Near Shanksville, PA — Nestled within the serene, rolling hills of Pennsylvania’s Laurel Highlands sits a somber reminder of the horrific terrorist acts of September 11, 2001. At 10:03 am on that date, 40 innocent passengers and crewmembers were killed in the crash of United Flight 93 into what had previously been a tranquil farm field. The four terrorists who hijacked the flight were intent on reaching Washington, DC but a heroic struggle by the passengers prevented them from reaching their destination. Led by passenger Todd Beamer, they stopped the terrorists but were unable to save themselves and the airplane. Todd’s words, “Let’s roll,” were heard over a phone line as he rallied the passengers to confront the hijackers.
As everyone knows, flight 93 was one of four commercial flights hijacked that day; the others crashed into the World Trade Center and the Pentagon, killing nearly 3,000 people, the deadliest terror attack ever on US soil.
Early on an August morning, I wheeled my Harley Road King into the parking lot of Flight 93 Memorial. Clouds hung low in the sky; I saw no other visitors at this early hour.
The memorial was to be my last stop on a tour of Pennsylvania’s Laurel Highlands—a 2,900 square mile, three-county scenic area nestled in the Laurel Mountains of southwestern PA—for Harley-Davidson’s HOG magazine.
The temporary visitor center building had just opened for the day, but first I followed the sidewalk to a chain link fence overlooking the crash site. The tall grass swayed in the morning breeze; the workers on bulldozers in the field before me had just begun their workday. The Flight 93 National Memorial is a work in progress–the first phase of which is scheduled to be dedicated on the 10th anniversary of the tragedy later this year; anticipated completion date is 2014. A memorial plaza and wall inscribed with the names of passengers and crew members will overlook the crash site itself, which will remain untouched.
It’s difficult to describe the emotions I felt while standing at the fence. Anger, confusion, and sadness might begin to describe them, but those words are far from sufficient. The people murdered that day didn’t deserve what happened to them; although the terrorist strikes were directed “at America,” the people that died in the attacks on 9/11 were both civilians and emergency workers, natives of more than 70 different countries, with families, hopes, dreams and aspirations. It’s hard to imagine the kind of hatred and sheer lunacy of such an act. The adage, “Freedom isn’t free” came to mind, and I realized that no matter your political point of view, living in this country we have a lot to be thankful for, and we owe a special debt of gratitude to those who defend it.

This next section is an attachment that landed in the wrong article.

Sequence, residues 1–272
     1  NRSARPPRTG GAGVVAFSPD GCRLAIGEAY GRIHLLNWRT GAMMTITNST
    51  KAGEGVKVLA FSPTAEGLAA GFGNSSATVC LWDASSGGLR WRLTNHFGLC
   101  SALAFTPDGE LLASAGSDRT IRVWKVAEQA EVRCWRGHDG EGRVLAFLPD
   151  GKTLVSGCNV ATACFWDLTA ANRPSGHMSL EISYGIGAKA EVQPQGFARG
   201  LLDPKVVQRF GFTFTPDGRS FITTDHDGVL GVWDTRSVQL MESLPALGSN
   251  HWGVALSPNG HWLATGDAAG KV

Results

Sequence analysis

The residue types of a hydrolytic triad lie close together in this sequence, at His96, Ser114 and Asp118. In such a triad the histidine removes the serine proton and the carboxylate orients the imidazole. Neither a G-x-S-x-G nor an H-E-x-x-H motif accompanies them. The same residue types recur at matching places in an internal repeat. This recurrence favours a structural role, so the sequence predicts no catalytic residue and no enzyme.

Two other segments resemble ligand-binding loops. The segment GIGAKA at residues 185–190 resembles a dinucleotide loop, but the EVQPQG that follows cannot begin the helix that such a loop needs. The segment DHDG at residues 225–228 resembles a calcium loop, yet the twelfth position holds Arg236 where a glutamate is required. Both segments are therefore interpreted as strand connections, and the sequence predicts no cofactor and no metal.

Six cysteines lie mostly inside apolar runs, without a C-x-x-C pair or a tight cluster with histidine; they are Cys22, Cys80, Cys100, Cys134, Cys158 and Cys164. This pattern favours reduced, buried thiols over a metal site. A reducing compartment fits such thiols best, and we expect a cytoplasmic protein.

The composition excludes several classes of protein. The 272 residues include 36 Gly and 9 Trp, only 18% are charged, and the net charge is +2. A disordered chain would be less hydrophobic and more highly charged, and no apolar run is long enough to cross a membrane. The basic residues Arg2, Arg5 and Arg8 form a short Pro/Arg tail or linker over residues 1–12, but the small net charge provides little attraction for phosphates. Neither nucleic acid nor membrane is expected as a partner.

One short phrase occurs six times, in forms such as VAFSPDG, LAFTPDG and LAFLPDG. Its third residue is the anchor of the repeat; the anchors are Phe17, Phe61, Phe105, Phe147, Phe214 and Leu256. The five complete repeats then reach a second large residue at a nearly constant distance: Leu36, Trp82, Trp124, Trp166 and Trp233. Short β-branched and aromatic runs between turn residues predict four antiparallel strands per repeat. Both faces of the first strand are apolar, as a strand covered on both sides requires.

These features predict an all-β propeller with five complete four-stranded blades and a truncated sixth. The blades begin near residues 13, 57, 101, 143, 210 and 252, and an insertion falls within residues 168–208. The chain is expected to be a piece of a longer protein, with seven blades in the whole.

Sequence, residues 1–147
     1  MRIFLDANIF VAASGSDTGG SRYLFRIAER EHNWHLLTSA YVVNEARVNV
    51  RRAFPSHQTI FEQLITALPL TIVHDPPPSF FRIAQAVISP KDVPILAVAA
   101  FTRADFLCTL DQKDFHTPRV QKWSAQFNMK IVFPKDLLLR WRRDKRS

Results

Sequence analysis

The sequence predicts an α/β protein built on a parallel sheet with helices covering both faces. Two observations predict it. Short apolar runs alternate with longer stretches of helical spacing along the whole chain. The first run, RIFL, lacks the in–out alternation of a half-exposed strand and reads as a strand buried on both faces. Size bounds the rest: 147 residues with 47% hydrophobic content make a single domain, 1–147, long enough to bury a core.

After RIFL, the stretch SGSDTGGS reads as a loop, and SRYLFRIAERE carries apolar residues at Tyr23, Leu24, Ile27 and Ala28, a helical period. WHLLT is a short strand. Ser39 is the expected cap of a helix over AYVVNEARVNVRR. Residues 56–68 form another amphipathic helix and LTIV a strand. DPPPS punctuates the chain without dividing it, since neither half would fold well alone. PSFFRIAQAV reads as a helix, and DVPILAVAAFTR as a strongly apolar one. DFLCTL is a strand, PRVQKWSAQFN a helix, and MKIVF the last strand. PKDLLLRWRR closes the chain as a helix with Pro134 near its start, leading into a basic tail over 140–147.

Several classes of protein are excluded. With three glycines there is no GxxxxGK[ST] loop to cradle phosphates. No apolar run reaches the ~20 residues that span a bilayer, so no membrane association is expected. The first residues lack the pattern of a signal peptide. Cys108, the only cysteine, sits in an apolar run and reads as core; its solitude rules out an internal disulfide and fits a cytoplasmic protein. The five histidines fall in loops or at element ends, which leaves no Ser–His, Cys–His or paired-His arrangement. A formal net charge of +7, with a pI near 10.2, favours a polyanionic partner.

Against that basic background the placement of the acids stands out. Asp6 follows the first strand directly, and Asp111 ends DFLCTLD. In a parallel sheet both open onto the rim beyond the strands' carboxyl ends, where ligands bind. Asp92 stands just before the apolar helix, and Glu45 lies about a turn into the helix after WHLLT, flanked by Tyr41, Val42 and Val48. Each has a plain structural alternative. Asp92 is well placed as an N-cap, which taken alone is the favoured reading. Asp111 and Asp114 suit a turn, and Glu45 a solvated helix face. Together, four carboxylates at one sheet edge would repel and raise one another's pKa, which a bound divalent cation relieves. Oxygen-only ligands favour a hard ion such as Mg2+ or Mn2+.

Visitors have placed mementos—flags, wreaths, notes and other items—at the chain link fence overlooking the site. While I was there, a park ranger collected some of the items, including a Harley bandana, from the fence : he told me they will go into a permanent tribute collection that already consists of over 40,000 items.
I strolled back to the visitor center. The temporary building houses exhibits which include photographs of the smiling faces of the innocent victims, helping to put a human perspective on a senseless tragedy.
Park hours are 9:00 am through 5:00 pm in the winter months, and 9:00 am through 7:00 pm in summer.
FOR MORE INFORMATION:
Click Here for Directions and Address for GPS
Flight 93 Memorial (National Park Service website): http://www.nps.gov/flni/index.htm
Flight 93 National Memorial Campaign (Nat’l Park Foundation): http://www.honorflight93.org/
Click Here for Live Webcam of memorial site
Click Here for Flight 93 Memorial site plan PDF